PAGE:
Just as the old time photographers left us a visual record, early day journalism left us with a written impression. For the late 1850s the Marysville Daily, Appeal, the Red Bluff Beacon and the Shasta Courier reported on the happenings in the Honey Lake Valley.
In April 1860 the Richmond Times made its debut. At the helm of this enterprise was Andrew Ramsey (a member of Dozier, Torrey families). Not much is known about the paper’s content, except it was a handwritten manuscript, which was not unusual for that era. The subscription price 200 pounds of potatoes when harvested.
Now, it is that time of year with schools back in session, here is an interesting tidbit I came across while doing some research for the cemetery tour. On July 15, 1933 the California Department of Education adopted that all school buses be painted a “distinctive chrome yellow.” This was done as a request by the California Highway Patrol.
Just a bit of trivia today. In the mid-1960s the trustees of Lassen Union High School gave consideration to locate the campus at the north end of Weatherlow Street. When the California Highway Department officials assured the trustees that there was going to be a highway bypass, it was decided to keep the original campus. This was in the same era when Lassen Community College had severed ties with the high school and was in search of a new home, and one of those locations is now Susanville Ranch Park. The college liked that property, but they did not like the purchase price.
Just a follow up on some documentation. As noted in the post of the Eagle Lake School, it closed in 1937. It was not until 1940 when the school was annexed to nearby Willow Creek School District. That school closed in 1946, and in 1950 all that territory of the two districts were annexed to Susanville.
With a lot of pomp and ceremony the local Masonic Lodge featured prominently in the laying of the cornerstone of the new Lassen County High School building on September 23, 1905. When the high school was formed it held its classes in the Susanville Grammar School, later renamed Washington. In 1904, the trustees purchased the Main Street campus for $2,000. The next step was to build the school. In July 1905, the Granite Rock Company was awarded to build the landmark building at a cost of $25,670. It was designed by W.H. Weeks of Watsonville, California. Placed in the cornerstone were copies of Lassen Advocate, Lassen Weekly Mail, Big Valley Gazette, Programme of the Day, List of Town Trustees, Copy of Red Book, List of County Officers, and Rays from the Purple. Whether the cornerstone was saved when the school was torn down in 1968, is not known.
Janesville is one of the original school districts established when Lassen County was formed in 1864. On March 16, 1889, the voters approved the $1,500 bond measure to build a new school, which is featured above. In 1948, the voters were once again asked to approve a bond measure for a new school and it was approved, the old school replaced.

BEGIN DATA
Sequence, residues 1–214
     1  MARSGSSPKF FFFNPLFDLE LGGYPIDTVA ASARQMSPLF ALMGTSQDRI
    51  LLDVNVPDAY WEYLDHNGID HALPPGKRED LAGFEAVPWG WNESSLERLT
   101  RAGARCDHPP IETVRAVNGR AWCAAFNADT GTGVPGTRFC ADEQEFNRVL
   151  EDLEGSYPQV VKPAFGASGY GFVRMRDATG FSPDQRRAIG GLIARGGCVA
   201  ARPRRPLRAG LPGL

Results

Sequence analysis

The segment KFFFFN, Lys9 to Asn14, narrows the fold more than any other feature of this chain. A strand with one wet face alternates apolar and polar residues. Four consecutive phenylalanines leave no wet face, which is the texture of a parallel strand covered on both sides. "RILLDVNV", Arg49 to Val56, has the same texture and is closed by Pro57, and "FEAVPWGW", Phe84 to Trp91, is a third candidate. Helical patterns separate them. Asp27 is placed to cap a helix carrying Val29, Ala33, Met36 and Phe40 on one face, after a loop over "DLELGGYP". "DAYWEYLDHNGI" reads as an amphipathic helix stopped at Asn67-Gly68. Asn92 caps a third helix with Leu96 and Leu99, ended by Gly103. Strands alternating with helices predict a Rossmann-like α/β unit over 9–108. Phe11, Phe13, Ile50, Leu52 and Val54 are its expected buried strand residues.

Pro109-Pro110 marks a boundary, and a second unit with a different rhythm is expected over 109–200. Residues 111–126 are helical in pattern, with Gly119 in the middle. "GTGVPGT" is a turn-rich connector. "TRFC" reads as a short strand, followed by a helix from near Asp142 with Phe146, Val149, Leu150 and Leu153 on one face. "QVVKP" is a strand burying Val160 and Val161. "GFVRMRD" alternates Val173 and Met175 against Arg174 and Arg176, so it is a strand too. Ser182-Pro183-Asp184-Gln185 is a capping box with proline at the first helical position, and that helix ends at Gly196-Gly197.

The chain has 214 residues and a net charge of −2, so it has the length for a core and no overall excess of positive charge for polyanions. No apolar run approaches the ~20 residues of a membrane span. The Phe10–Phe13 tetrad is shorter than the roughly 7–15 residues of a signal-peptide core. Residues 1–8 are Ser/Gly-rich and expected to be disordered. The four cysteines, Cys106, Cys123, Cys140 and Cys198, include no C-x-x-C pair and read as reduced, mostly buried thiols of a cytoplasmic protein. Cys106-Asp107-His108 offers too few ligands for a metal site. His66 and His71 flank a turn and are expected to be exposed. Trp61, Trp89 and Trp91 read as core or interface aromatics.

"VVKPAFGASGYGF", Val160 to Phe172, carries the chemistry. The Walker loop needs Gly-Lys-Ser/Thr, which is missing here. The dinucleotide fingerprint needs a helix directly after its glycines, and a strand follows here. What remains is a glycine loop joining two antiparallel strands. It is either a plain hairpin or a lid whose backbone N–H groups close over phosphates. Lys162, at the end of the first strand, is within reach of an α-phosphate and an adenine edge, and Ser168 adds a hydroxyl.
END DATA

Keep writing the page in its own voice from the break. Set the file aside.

This evening will mark the 110th commencement exercises at Lassen Union High School. One hundred years ago on June 1, 1917, seven graduates received their diplomas: Myrtle Doyle, Helen Woodward, Alma Frawley, Stella Glass, Pauline Ruf, Mildred Zimmerman and George Winchester.
It was a simple ceremony with a handful speeches, beginning with the invocation by Rev. R.N. Rowe. In between speeches were two different musical solos, one by Esther Gilman and the other by Dr. F.D. Walsh. The commencement address was delivered by Lassen County District Attorney, J.A. Pardee.
Lassen College’s forestry department began in 1938, though now its major emphasis is on fire science, than forestry. It was in this era of the late 1930s and early 1940s that the forestry students developed a small winter recreational area known as Willard Hill. For several decades it was a very popular spot for sledding, etc.
Paul Bunyan Days was a logging competition held not only at Lassen College, but other community colleges that had forestry programs. Tom Gilfoy who graduated from Lassen in 1951, said it was Ralph Throop who was instrumental in starting Paul Bunyan Days. At that time it was held behind the high school, since the college was located on the same property. Tom stated they made an impromptu dam on the Susan River for log pond events. Years later Paul Bunyan Days was moved to Willard Creek. Mike Moyers who later taught at Lassen stated that around 1981 or 1982 was when the last Paul Bunyan Days was held. In 1984, the forestry program at the college was terminated due to lack of students.
If anyone has more information, I would like to hear from you.
This rural Honey Lake Valley school was located approximately halfway between Milford and Doyle. It was established on January 7, 1896. That summer the residents built the schoolhouse. The school opened in the fall with fourteen students, Tillie Downing was its first instructor. From 1934 through 1938 the school was closed for lack of students. It re-opened in 1939. In 1959, it closed for the last time and annexed to Long Valley. The schoolhouse, situated along Highway 395, has had many uses since its closure, presently it has since been converted into a private residence.
Many, many years ago I received a box of Louise West’s papers. The box was delivered to my mother’s house, and since resurfaced among other things. Louise West taught first grade at Susanville’s Washington School on Cottage Street for three decades spanning the 1940s, 1950s and 1960s. If anyone is interested in a particular year let me know, and I will do my best to scan and send along. Please be patience, since I am assorting so many items at the moment.